Kylan dropped to the floor, ducking his head, and glancing up as if expecting the dagger to fall from above. The people were stunned to silence. The Kirkebys stared in amazement at the Agabus as he turned with his eyes, not on them, but on the ceiling of the great building.

Andre followed the escape of the Daimon as it fled from the room with a ferocious roar which quelled the hearts of the people though they did not know the source of the disturbance. Havoc landed heavily on the polished floor before the open doors of the Center, scrambled with scratching claws, and ran into the night.

“Shamira!” Andre crossed the floor once more and stopped at the door as the Panoplia appeared.

“I cannot stop him,” she told him, looking agitated that her powers were repressed under the weight of the people’s lack of faith.

“Follow him and tell me where he goes.”

This she could do, and the spirit rushed off through the storm in pursuit of the invader.

Andre turned to find the eyes of the assembly still locked on him. Kylan was back on his feet and their gazes met as the Agabus stormed forward with his anger still on the edge and reaching boiling point. “How did you get him in?” He flew at Kylan once more, getting inches from his face and demanding an answer. “How!”

Kylan backed up as Mr. Kirkeby stood by his son. Costa grabbed Andre from behind to hold him in place. “What?” Kylan appeared baffled, but the prophet saw through his front straight through to the truth in his eyes.

“Get him off the island.” He struggled to break out of Costa’s grasp.

“You’ve lost your mind, Agabus!” Kirkeby protected his son with a firm grip on his shoulders. “What are these accusations? A girl commits suicide and you blame him?”

“May Beth did not let that thing in!” Andre shouted without taking his eyes off Kylan. “That Daimon was never hers.”

The mention of a Daimon caused the people to exclaim in an indiscernible uproar of renewed distress. “A Daimon?” a woman cried. “Here?” Her wild eyes roved the space around the ceiling as if the beast was still in the room and she might catch a glimpse of its terror driving face.

“My boy did not do this,” Kirkeby insisted over the panicked noise, looking at Andre and Costa with the expression of a madman. “That girl took her own life. She has brought this upon us.”

There was a grumble of agreement amid doubt and confusion.

“Evil commanded his minion to join his host,” Andre explained. “The Daimon clung to him,” he pointed to Kylan. “He could not have done so unless he was invited.”

“Those are lies,” Kirkeby accused him with abandon.

“What would be the point of that?” Costa wanted reason. “Why would he place such a thing on Kylan if it were not true?”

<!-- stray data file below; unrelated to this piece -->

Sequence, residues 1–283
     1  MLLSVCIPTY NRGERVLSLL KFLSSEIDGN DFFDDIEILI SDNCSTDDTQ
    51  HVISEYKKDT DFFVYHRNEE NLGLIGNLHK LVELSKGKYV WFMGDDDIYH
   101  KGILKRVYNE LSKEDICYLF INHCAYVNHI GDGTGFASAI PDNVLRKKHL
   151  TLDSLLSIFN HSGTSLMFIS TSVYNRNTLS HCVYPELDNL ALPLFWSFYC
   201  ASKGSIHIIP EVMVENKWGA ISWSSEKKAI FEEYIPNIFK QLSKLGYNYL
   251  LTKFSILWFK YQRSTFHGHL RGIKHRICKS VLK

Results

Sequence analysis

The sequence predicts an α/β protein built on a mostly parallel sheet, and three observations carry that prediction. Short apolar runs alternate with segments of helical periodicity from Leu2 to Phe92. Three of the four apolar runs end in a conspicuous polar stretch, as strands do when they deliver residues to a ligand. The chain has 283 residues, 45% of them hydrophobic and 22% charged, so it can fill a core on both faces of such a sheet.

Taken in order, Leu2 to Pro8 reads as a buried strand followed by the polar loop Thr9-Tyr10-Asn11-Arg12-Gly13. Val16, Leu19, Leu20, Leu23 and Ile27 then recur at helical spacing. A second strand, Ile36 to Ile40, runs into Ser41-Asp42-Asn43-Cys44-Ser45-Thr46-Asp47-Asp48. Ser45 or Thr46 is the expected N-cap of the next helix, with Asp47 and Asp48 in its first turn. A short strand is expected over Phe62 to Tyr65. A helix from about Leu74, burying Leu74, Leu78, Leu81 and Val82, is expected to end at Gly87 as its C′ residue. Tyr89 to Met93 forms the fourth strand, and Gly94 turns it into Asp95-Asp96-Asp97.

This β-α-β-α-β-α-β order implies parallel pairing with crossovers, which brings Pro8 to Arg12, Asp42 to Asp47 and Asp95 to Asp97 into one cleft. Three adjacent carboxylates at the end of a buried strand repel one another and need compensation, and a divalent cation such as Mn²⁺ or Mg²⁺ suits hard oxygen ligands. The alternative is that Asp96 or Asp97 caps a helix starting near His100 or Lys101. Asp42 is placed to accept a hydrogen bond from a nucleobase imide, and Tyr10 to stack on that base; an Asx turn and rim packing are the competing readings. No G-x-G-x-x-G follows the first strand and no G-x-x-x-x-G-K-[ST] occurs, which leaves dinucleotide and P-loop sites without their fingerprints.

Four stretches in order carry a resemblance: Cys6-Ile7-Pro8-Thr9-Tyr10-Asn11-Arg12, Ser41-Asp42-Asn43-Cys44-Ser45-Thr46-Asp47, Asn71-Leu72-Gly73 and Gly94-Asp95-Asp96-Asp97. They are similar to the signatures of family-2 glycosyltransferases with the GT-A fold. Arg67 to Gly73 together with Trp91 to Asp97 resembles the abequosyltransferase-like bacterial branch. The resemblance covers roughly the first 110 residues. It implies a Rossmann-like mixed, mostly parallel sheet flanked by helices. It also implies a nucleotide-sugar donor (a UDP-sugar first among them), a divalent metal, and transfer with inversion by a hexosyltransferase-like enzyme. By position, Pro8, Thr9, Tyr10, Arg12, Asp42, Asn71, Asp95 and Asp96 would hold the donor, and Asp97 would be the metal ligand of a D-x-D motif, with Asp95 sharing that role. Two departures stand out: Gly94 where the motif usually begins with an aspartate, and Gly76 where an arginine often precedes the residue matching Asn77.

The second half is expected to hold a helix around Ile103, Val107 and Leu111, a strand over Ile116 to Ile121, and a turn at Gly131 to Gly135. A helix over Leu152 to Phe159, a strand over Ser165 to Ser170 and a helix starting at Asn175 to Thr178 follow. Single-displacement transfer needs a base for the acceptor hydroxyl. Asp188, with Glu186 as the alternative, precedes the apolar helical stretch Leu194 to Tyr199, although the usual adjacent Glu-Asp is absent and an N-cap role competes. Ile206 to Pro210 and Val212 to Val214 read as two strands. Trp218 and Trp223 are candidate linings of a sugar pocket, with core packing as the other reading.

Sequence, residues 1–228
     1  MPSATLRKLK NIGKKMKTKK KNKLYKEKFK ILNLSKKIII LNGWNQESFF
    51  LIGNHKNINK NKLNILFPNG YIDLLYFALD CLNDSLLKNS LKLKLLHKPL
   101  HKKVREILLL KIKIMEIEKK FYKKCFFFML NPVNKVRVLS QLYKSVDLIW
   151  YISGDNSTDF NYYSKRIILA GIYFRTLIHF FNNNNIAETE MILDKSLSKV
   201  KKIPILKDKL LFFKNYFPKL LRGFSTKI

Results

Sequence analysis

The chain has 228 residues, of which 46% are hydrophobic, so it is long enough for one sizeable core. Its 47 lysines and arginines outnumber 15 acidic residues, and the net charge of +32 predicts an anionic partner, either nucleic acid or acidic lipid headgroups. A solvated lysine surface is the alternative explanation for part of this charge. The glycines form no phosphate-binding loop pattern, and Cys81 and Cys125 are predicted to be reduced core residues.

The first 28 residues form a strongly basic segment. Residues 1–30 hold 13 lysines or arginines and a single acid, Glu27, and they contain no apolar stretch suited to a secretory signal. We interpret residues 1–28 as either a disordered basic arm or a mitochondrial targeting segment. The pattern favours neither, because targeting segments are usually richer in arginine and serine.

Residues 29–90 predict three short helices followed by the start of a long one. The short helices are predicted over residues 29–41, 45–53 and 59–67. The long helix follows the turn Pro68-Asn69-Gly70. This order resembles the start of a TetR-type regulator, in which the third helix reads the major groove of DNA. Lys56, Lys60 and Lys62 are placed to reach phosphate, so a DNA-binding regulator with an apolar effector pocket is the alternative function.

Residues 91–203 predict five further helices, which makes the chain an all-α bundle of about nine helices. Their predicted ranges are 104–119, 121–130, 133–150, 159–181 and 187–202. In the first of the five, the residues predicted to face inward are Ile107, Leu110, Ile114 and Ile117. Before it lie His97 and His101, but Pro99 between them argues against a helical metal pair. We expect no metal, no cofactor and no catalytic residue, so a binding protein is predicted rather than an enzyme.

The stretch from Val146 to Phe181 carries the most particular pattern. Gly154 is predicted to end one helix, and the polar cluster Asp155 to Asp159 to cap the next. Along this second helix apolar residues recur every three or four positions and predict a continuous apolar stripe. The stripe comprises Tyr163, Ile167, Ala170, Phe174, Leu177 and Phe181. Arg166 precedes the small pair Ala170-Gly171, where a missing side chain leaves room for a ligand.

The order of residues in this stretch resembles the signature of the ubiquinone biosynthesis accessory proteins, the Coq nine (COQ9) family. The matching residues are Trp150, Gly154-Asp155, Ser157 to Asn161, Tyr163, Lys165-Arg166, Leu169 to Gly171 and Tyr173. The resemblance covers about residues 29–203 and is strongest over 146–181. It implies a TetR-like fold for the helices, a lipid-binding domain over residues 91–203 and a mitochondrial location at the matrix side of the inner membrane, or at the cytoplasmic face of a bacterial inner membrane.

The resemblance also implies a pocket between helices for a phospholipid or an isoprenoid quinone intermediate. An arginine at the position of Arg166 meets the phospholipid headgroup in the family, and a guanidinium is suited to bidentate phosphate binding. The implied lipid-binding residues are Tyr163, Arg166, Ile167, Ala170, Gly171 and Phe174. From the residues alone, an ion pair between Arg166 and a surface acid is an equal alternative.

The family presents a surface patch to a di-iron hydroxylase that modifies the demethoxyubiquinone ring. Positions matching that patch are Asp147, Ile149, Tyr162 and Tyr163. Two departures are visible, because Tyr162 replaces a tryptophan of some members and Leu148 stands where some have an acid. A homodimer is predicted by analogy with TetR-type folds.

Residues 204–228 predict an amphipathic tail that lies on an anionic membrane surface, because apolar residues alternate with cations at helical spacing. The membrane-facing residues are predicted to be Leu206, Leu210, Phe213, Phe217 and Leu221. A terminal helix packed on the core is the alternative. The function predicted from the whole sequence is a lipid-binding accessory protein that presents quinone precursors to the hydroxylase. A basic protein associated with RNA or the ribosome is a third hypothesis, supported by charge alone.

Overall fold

“Because he doesn’t like him.” The announcement stunned the room back to silence, and everyone looked at Svana standing beside her sister. She looked uncomfortable but resolute in her proclamation. “It’s true, Dre.” She met his gaze. “You know you never have.”

“Disliking someone doesn’t make me a liar,” he responded, looking not at Svana but at Jora who had tears on her cheeks and looked as if she had been slapped. “I know what I saw and it’s the truth. He was at Iasis this afternoon, you know it,” he reminded both of the twins, “in the same ward where May Beth worked.” Turning back to Kylan he asked him again. “How did you let it in?”

Kylan met his glare without blinking. They both knew the truth, but he wasn’t about to admit it.

His father refused to accept the truth. “Where are the elders? You cannot allow this. He is the Agabus, not the law!”

The attention in the room fell back on Mathis and the council as they stood dumbly by the wayside.

“The law,” Costa spoke for them when none of the elders made a move, “states that a citizen seen as a threat by the Agabus must be removed from the community until the menace subsides. He must be taken,” he told the Kirkebys with a tone of sympathy beneath the stern exterior. “Phulake, escort Kylan Kirkeby to the guardhouse and alert Kaluma of his transport.”

Two guards in attendance moved forward uncertainly, glancing at Mathis before following through with the command of the komer. There were several mutterings of disagreement among the crowd, but no one moved to object.

“I will go with him,” Kirkeby insisted, lifting a proud, determined face and refusing to look at the Agabus as he passed.

Andre swallowed back the bitter taste of Mr. Kirkeby’s resentment, feeling a pang of injury from the man he had always held in high regard. Svana quickly followed her father and brother with a similar expression of loathing and ignored Andre as if they had not been lifelong friends.

He looked to Jora next, holding his breath against the pain of the expression in her eyes. He could not stand it if she hated him for this.

Jora’s lower lip trembled as she withheld a sob. Biting it back between her teeth, she blinked away fresh tears, and Andre saw in her eyes not hatred, but agony. Agony and complete confusion. She hesitated, wanting some sign from him that it was okay for her to go. She was fearful of his rejection.

The realization hit Andre hard, and he gave it to her, releasing her under any obligation to him so she could run after her family. Catching her breath against the pain it caused her to do so, Jora fled from the building.

Andre felt Costa’s hand on his shoulder and pulled his eyes away from watching her go.

“Get out of here,” the komer told him. “Let me handle this.” He nodded at the remaining group of lost citizens standing in tight groups of grumbling conversation which was his to now guide back to some sort of order. “Find me at the Sanctuary later.”

Andre nodded and crossed the floor to the open doors, finding Chesed waiting for him outside. She placed an illuminated hand on the side of his face and met his stony expression with a stoic one of her own. Her touch was a comfort and relief, but the air was heavy, and the prophet was shaken.

“Shamira follows the dark spirit called Havoc. He roams the island looking for a new host. We cannot touch him, Agabus.”

“I know,” Andre responded.

“If the Hupsoma continues to splinter, he will call his companions to join him. We will not be able to stop them from entering.”

“They are too afraid. They never thought one could get in.” The prophet did not have confidence in his people’s prayers anymore. How many of them would be filled with doubts and would falter before they even reach their lips?

“They must be made unafraid,” Chesed replied plainly. “I go to attend to Lavi.” She rose into the air as Andre looked at her hopefully. “He recovers on the mountain. You will find him in good health at the altar when the sun rises. Guard your heart, Agabus. We still have power where we are called upon to use it. Your people must remember this, and you must be the one to remind them.”